Go for a psychological cure. Sit down, relax. Close your eyes and think about your headache. Imagine maybe a cloud of frustration and pain, and find the source of it. Pick apart this cloud, until everything in your mind is sorted.

Try rubbing just to the left of where the pain is.
Another way to cure the headache is to find the pulse on your head and press it (not too hard) and hold it while taking deep breath through your nose and exhaling it through your mouth. Repeat (taking breath) few times and relax. The headache is gone!!

Press into the nerve running between your thumb and index finger on the back of your hand, in the meaty part of the webbing. Press toward the bone below your index finger to compress it, holding as long as is necessary. Working both hands is better than just the one.

Pressing the back of your neck with three fingertips on each side may help with tension headaches.

If you have a headache that last more than a day, consult your Chiropractor. Your headache may be caused by a subluxation of the vertebrae in your neck.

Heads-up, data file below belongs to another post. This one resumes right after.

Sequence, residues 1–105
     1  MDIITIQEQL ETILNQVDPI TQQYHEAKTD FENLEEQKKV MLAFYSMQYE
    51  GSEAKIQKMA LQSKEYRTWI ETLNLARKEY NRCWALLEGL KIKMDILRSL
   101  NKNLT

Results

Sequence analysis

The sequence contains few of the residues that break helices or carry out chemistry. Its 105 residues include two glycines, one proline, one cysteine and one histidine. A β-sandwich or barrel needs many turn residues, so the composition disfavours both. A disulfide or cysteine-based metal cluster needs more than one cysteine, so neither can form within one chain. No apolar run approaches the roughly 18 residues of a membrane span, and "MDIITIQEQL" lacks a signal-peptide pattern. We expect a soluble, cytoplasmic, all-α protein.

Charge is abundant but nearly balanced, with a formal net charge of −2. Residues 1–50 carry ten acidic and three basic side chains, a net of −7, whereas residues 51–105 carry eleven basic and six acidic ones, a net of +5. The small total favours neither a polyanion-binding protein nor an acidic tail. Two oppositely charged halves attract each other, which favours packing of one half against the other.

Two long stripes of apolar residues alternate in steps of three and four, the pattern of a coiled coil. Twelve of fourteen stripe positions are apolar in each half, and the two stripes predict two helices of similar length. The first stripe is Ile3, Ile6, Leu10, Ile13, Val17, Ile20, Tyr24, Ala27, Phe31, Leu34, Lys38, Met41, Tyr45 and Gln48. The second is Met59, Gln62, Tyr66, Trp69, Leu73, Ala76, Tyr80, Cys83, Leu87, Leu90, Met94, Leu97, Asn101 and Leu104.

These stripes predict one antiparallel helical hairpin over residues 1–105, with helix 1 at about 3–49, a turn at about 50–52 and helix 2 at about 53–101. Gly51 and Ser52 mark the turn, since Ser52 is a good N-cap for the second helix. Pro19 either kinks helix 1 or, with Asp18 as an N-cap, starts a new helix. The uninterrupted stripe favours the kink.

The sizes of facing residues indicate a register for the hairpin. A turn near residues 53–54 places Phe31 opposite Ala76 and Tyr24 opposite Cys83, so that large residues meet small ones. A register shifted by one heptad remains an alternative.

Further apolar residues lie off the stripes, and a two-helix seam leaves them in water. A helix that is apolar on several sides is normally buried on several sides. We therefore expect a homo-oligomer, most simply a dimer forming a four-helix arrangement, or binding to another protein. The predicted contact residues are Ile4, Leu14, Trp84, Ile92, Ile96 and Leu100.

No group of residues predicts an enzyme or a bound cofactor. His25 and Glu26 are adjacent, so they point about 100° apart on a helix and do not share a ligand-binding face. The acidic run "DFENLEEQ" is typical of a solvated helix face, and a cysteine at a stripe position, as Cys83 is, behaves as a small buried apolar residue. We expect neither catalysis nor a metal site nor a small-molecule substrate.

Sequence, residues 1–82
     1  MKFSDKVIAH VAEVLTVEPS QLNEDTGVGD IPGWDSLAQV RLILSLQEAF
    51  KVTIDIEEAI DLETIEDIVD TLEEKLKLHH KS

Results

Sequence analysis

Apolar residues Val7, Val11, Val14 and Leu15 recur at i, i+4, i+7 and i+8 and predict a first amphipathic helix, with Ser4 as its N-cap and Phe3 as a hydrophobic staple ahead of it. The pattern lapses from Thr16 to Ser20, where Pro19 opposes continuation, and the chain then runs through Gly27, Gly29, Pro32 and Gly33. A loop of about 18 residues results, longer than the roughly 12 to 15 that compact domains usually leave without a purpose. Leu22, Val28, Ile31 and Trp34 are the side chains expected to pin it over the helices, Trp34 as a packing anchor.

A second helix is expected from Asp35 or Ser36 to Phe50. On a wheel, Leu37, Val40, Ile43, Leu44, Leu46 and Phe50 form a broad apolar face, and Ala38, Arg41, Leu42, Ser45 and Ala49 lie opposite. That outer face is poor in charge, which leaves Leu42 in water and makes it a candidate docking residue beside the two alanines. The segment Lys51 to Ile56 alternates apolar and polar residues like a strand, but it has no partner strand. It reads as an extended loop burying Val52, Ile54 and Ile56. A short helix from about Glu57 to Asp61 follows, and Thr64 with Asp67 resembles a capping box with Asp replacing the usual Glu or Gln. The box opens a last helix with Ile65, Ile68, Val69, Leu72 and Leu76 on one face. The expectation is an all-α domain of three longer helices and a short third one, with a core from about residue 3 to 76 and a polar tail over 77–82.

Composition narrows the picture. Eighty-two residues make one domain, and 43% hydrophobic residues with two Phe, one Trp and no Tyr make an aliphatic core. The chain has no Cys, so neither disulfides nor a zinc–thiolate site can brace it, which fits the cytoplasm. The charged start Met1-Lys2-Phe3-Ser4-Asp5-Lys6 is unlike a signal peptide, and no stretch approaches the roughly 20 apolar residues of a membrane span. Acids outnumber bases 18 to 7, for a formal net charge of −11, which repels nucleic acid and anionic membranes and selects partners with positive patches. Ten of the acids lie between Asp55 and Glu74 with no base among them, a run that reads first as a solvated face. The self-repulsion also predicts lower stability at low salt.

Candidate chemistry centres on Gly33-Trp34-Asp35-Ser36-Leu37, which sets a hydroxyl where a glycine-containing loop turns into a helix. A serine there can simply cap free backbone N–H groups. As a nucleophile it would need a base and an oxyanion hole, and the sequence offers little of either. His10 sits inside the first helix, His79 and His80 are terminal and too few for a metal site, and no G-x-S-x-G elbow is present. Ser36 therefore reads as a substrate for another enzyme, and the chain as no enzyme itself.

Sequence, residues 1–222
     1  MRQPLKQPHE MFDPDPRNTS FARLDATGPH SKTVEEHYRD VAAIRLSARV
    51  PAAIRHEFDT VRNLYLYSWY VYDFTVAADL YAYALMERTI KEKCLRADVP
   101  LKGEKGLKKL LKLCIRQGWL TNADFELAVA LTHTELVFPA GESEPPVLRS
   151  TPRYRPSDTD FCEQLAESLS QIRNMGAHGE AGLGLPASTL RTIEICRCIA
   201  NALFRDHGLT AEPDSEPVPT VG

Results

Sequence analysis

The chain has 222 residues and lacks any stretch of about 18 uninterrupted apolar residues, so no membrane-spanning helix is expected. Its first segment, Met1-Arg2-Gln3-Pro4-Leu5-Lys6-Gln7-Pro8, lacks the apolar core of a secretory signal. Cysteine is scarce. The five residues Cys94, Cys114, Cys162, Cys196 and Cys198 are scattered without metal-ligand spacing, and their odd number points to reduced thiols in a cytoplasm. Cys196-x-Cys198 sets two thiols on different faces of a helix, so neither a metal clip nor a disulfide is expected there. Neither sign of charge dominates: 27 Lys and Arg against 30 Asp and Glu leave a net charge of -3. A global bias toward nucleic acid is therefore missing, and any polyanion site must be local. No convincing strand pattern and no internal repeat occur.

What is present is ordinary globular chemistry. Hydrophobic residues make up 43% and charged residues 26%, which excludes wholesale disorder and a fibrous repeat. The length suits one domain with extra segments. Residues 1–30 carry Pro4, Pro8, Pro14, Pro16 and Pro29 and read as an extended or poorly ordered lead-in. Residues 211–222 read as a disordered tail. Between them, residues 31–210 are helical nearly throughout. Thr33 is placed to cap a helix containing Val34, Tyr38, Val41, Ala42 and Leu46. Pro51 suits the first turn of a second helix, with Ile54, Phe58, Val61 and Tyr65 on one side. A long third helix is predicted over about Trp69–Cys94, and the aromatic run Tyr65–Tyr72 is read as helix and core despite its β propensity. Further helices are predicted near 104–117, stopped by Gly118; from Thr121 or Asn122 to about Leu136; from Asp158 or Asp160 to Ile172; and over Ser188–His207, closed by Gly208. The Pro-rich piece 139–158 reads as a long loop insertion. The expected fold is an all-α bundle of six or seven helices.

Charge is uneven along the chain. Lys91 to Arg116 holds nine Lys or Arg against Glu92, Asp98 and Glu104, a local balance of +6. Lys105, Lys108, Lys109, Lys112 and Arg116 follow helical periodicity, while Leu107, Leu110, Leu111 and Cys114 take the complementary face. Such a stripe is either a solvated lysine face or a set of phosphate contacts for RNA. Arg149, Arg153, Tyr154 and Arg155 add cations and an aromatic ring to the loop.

Many headaches are caused by caffeine withdrawal. Excedrin, an over the counter headache medicine, contains an “added ingredient”. Read the label, and you’ll find that each tablet contains 50mg of caffeine. Drinking a cup or coffee or soda will give you the same amount, and possibly help the headache. An aspirin or other pain reliever in conjunction with caffeine usually works.

Advil or Motrin (or generic ibuprofen)
seem to work miracles as far as headaches go.
Another effective cure is to put an ice cube where the pain is.

If anything is painful, excluding the it-hurts-good kind of pain, stop immediately.
If headaches persist, consult a doctor.
Hypnosis has also helped thousands to control their pain.

See also www.BYIHypnosis.com